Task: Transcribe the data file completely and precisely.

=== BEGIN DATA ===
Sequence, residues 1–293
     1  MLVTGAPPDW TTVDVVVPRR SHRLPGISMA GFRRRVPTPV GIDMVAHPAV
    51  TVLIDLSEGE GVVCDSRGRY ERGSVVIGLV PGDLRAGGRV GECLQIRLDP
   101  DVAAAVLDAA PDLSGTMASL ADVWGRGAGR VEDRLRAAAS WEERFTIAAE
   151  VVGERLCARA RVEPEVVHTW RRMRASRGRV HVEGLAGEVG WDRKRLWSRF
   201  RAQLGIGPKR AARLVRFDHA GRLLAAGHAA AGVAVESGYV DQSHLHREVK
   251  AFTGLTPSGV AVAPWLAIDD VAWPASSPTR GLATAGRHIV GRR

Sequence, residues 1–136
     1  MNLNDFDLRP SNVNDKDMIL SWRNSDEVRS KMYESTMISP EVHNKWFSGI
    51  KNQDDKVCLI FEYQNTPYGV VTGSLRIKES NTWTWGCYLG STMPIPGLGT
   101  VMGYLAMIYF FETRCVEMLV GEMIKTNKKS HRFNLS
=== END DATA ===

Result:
Sequence, residues 1–293
     1  MLVTGAPPDW TTVDVVVPRR SHRLPGISMA GFRRRVPTPV GIDMVAHPAV
    51  TVLIDLSEGE GVVCDSRGRY ERGSVVIGLV PGDLRAGGRV GECLQIRLDP
   101  DVAAAVLDAA PDLSGTMASL ADVWGRGAGR VEDRLRAAAS WEERFTIAAE
   151  VVGERLCARA RVEPEVVHTW RRMRASRGRV HVEGLAGEVG WDRKRLWSRF
   201  RAQLGIGPKR AARLVRFDHA GRLLAAGHAA AGVAVESGYV DQSHLHREVK
   251  AFTGLTPSGV AVAPWLAIDD VAWPASSPTR GLATAGRHIV GRR

Sequence, residues 1–136
     1  MNLNDFDLRP SNVNDKDMIL SWRNSDEVRS KMYESTMISP EVHNKWFSGI
    51  KNQDDKVCLI FEYQNTPYGV VTGSLRIKES NTWTWGCYLG STMPIPGLGT
   101  VMGYLAMIYF FETRCVEMLV GEMIKTNKKS HRFNLS